Jimmie Rodgers was born James Charles Rodgers on September 8, 1897 in Geiger, Alabama to Aaron W. Rodgers and Eliza Bozeman Rodgers. At age fourteen he began working on the railroad. Rodgers worked as a water boy, line and surfacing track, baggage handler and eventually a brakeman for the NO & NE. In April 1920 he married Carrie Williamson. They had two daughters, Carrie Anita, born in January 1921 and June Rebecca, born in June 1923. June Rebecca died a few months later in December 1923. Jimmie suffered with respiratory problems throughout his life. After surviving a major hemorrhage, he was diagnosed with tuberculosis in 1924.
Jimmie traveled a lot looking for work on the railroad and any opportunity to entertain, earning as much as he could to support his family. In January of 1927, Jimmie headed to Asheville, North Carolina, where his railroad friends helped him gain employment and a cottage so he could send for his family to join him. Jimmie fell in with the local musicians and was part of or started several bands, one of which was able to secure a weekly thirty-minute spot on the local radio station WWNC.
Word spread like wildfire among the musicians that Ralph Peer with Victor Records was holding auditions in Bristol, Tennessee looking for new recording artists. The Jimmie Rodgers Entertainers headed to audition. It was a long trip with each one praying the old sedan would not break down. They had to play for their supper and play to get gas, but finally made it to Bristol.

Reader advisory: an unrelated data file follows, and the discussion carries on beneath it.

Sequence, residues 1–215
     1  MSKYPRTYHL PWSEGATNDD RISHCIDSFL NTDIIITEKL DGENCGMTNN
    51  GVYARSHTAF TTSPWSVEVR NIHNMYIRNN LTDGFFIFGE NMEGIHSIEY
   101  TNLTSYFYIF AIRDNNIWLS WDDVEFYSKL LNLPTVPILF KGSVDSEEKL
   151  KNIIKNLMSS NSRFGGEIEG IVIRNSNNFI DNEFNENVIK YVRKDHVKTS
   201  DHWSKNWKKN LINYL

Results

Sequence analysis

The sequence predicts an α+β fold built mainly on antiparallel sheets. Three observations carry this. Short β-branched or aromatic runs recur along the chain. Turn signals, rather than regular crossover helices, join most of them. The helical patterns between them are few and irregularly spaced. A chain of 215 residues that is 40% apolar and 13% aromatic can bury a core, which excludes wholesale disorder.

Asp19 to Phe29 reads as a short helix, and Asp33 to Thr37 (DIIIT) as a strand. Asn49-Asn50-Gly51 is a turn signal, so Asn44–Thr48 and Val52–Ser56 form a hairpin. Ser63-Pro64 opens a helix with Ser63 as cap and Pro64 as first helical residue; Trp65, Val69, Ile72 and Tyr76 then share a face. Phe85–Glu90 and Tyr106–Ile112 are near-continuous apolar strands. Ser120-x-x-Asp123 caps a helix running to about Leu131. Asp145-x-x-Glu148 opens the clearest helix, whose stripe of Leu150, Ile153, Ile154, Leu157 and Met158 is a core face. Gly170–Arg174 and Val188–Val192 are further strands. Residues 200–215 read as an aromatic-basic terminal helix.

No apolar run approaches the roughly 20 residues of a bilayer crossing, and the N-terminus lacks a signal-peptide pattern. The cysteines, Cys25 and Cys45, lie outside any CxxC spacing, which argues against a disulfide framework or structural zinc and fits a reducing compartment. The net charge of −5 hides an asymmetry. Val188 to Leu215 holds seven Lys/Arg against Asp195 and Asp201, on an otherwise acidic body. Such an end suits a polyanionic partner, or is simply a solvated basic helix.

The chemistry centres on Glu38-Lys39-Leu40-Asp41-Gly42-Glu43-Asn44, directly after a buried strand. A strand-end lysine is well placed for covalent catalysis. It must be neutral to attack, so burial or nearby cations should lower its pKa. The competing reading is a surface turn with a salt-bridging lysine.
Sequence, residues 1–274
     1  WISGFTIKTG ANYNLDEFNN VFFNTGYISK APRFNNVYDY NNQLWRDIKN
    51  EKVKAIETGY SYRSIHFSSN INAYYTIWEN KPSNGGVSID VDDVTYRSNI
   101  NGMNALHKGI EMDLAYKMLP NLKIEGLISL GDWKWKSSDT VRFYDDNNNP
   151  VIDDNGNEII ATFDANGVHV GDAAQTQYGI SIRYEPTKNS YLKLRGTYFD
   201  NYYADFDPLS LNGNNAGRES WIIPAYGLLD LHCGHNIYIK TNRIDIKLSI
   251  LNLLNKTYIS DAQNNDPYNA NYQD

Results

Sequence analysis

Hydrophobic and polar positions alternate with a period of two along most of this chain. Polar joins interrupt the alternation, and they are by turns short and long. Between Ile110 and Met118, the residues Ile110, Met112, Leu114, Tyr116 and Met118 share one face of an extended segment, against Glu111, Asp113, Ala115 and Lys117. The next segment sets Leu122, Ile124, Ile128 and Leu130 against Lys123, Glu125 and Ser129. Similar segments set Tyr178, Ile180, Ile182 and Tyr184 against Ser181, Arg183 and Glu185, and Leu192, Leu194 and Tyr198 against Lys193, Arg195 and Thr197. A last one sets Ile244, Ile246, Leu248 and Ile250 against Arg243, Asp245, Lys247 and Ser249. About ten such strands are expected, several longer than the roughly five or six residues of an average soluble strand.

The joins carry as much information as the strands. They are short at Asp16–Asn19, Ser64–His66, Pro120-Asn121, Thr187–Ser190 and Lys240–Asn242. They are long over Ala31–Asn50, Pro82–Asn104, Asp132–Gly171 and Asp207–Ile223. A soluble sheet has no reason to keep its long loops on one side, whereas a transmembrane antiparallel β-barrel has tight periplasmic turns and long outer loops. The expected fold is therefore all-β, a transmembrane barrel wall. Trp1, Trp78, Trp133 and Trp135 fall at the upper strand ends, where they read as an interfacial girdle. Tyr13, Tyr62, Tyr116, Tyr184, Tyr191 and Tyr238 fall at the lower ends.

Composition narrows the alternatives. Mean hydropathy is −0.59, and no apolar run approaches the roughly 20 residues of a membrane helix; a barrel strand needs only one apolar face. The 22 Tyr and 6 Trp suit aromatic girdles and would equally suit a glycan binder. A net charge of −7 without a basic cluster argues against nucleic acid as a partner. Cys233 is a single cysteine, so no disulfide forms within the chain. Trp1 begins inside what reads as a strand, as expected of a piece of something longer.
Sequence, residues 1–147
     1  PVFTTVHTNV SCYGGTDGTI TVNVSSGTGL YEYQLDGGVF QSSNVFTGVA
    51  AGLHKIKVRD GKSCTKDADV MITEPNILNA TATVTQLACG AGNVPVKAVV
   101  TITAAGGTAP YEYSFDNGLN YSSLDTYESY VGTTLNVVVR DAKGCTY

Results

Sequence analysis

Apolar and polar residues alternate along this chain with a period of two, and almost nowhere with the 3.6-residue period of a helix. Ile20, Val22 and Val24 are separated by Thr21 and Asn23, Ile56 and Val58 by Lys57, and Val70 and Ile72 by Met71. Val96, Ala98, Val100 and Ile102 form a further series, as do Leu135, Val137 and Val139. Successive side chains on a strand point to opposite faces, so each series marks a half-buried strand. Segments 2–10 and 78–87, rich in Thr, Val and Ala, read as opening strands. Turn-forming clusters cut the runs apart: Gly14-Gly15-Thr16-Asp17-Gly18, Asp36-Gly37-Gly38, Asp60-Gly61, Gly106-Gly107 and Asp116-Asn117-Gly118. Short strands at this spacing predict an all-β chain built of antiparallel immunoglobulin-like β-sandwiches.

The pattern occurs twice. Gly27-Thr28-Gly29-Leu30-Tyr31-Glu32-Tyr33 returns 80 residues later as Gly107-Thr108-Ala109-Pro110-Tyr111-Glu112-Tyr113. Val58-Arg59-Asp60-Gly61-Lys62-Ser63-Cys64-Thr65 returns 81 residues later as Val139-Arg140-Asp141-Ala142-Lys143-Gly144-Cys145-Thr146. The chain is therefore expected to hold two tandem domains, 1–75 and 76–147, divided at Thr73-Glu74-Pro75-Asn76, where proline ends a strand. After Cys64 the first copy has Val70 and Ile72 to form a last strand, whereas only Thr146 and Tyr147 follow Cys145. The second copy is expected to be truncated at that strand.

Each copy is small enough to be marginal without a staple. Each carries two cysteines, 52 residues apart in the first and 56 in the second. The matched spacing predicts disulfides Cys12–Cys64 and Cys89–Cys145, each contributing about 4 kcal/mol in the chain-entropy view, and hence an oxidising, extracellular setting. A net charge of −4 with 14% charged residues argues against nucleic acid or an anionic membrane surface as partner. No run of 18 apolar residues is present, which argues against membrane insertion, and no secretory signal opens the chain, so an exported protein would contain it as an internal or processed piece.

While Jimmie settled Carrie and Anita in a room above the bakers and conveniently across the street from the Victor man, his band made arrangements to audition on their own. The Tenneva Ramblers was a three-piece string band and divided by three was more than divided by four and they knew what they had to offer the Victor man, they explained. After learning the band had abandoned him, Jimmie was able to persuade Peer to let him audition on his own with only his guitar to accompany him. On August 4, 1927, Jimmie Rodgers recorded his first record, “The Soldier’s Sweetheart” and “Sleep Baby Sleep.” Jimmie’s next recordings were in Camden and his first “Blue Yodel” otherwise known as “T for Texas” was recorded with “Away Out on the Mountain” skyrocketing him to stardom. There were twelve more of his unique style of “Blue Yodels” to follow, on No. 9, he recorded with Louis Armstrong on horns and Loius’ wife, Lillian, on piano.
Rodger’s early works bore the influence of minstrel tunes, string music, blues and Victorian parlor songs and as his fame grew he cultivated dual images that permitted him to be “America’s Blue Yodeler” and “The Singing Brakeman” and a sharp-dressed dandy all at the same time. His music, profoundly shaped by sentimental temperament including facts from his own troubled life, proved him to be a lyricist of uncommon depth with confessional frankness.
Tributes to Rodgers are by Lefty Frizzell, Ernest Tubb, Hank Snow, Merle Haggard and Bob Dylan. Dylan wrote in his liner notes to “The Songs of Jimmie Rodgers-A Tribute” on his Egyptian Records Label. Rodgers “may very well be the man that started it all”.
Jimmie Rodgers received many awards for his music including the following: induction into the Country Music Hall of Fame in 1961; induction into the Songwriters Hall of Fame in 1970; a United States Commemorative Stamp in 1978; induction into the Rock and Roll Hall of Fame in 1986; the W. D. Handy Award in 1987; induction into the Alabama Hall of Fame (John Orr Pioneer Award) in 1993; induction into the Blues Hall of Fame (posthumously) in 2013; a Grammy Lifetime Achievement Award in 2017; and induction into the Blue Ridge Music Hall of Fame in 2018.